Graduating out of Maturity Models

Originally published in Jaxenter

“Truth is a pathless land”

  • J. Krishnamurti

Maturity models are very popular ways of describing how organizations can improve. Simple models have a single dimension: first do A, then do B, finally achieve C. More complicated models may have two dimensions, identifying a variety of goals to accomplish in the initial stage of development, moving on to a variety of more complex goals, and so on. Highly developed models such as the Scaled Agile Framework might include complex patterns to mold your organizations into. All of these maturity models are a vast improvement over having no idea how to improve or progress. They are analogous to the structured education process that guides individuals from kindergarten through high school.

There are two approaches to problem-solving: algorithmic and heuristic. An algorithmic approach implies that there are certain patterns and formulas that can be followed to yield a particular outcome. A heuristic approach is one where you try a particular experiment and then check to determine whether you were successful or not. 

Following a maturity model is an example of an algorithmic approach: it suggests a particular set of practices that should be followed, and leaders or teams apply those practices to their organization in hopes of making the needed improvements. Many enterprises lack awareness of the full range of approaches to improving their development processes and IT organization. Skilled consultants are well-positioned to share a vision of what’s possible, a map of how they could get there, and to provide tactical assistance in the methods needed to make progress. In many cases, these enterprises may have been taking a simple heuristic approach by trying different improvements, but lacking a clear vision or plan for how they could make systematic progress. In other cases, the approach may have been more haphazard. A maturity model framework is well suited to serving the needs of these customers by giving a structure and a vision for a range of improvements.

But it would be a grave mistake to believe that a formulaic approach can yield repeatable results when applied across different organizations, filled with different people, serving different markets at different times. As much as we may try to demystify the DevOps journey, it is in the end a journey into the unknown. It is entirely possible to invest an enormous amount of time, money and energy in checking the boxes in a maturity framework, yet deliver little net benefit. In some cases, the investment in process improvements may exceed the value returned. Therefore it’s critical to assess the impact of improvements as you go. Truly mature organizations build a strong foundation of basic practices and then graduate into a heuristic approach of iterative continuous improvement.

The hallmark of continuous improvement is a learning culture where all members of the team are aligned with the organization’s overall goal, but nevertheless actively experiment with methods to reach that goal in the most effective way possible. IBM’s Cynefin framework divides systems into Simple, Complicated, Complex, and Chaotic. Problems in Simple and Complicated systems can be addressed through formulaic approaches, but problems in Complex systems cannot be dealt with in this way.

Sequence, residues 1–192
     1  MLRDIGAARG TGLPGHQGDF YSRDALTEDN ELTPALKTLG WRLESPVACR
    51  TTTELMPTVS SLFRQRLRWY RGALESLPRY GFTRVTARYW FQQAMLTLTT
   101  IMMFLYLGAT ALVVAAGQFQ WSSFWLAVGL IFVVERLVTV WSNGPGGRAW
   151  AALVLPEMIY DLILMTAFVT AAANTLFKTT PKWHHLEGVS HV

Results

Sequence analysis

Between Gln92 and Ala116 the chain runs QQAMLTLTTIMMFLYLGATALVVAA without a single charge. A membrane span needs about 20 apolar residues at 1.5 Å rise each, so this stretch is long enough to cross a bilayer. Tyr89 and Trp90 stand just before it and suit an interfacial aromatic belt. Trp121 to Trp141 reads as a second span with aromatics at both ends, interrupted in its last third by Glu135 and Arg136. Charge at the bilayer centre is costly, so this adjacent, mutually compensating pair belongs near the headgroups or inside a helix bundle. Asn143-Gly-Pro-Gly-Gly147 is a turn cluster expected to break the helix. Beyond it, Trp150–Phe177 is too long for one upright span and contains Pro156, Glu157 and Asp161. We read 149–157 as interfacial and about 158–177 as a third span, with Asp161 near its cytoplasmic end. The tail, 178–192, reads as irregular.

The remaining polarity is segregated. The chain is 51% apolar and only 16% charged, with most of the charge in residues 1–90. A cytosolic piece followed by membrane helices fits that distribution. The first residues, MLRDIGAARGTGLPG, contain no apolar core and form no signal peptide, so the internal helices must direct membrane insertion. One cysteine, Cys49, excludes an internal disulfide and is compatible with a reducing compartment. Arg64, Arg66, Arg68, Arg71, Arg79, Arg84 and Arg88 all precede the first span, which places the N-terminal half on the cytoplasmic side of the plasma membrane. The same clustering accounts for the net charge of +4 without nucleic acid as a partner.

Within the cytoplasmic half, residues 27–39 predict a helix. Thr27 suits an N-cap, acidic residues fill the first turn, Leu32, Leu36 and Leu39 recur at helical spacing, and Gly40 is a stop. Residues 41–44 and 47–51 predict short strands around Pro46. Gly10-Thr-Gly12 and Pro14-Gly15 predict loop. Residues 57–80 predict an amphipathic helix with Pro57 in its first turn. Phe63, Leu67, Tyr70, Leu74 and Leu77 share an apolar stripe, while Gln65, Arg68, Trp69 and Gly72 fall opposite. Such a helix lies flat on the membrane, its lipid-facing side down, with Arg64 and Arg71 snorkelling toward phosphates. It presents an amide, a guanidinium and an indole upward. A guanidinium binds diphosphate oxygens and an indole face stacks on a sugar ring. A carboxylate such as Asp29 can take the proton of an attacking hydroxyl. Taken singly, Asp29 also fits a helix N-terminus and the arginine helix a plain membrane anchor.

A complex system is, by definition, a system which changes when you act on it, such that the situation must be reassessed after each step, and the same action cannot be guaranteed to yield the same results if repeated. Organizations are complex systems, as are individuals. Complex systems require a heuristic approach, otherwise known as the scientific method.

The scientific method is not and must not be seen as the exclusive domain of scientists! It simply means having the humility to acknowledge in advance that we do not know what will happen when we take an action. Changes we make to a system are in fact hypotheses: we believe that if we implement this change we will see a particular result. Those hypotheses must be followed by investigation to determine whether we achieved the desired results or not. Such investigations speak to the power of tracking metrics, such as monitoring the four key DevOps metrics (lead time, deployment frequency, change fail rate, and time to recover), so that we can determine whether our efforts actually led to positive results.

Unsuccessful experiments are entirely normal in the context of science. They may not have yielded the desired results, but they nevertheless did bring value: they taught us something that doesn’t work. That knowledge is extremely valuable, but our goal in a scientific approach is to learn what does not work as quickly and cheaply as possible. This is the underlying premise of the Lean Startup as well as other Lean methodologies that emphasize validated knowledge as their end goal.

If an approach is seen to be effective, then it can be integrated into the workflow of the organization. This approach is known as Plan – Do – Study – Adjust, and often called the ‘Deming Cycle’. There is no map for this part of the journey, and neither are there experts who know in advance what will work for every organization. On the contrary, the best guides for this phase of the journey are those who can help the organization to develop a learning culture. 

A learning culture is the epitome of a successful knowledge-work organization; it is one where every contributor is using their mind to the fullest, both to observe the actual situation, to imagine possible alternatives, and to design solutions that help realize those goals. While we may guide organizations through the initial stages of a maturity model, we should recognize that real maturity is the ability to explore, learn, invent, and succeed in a world of the unknown.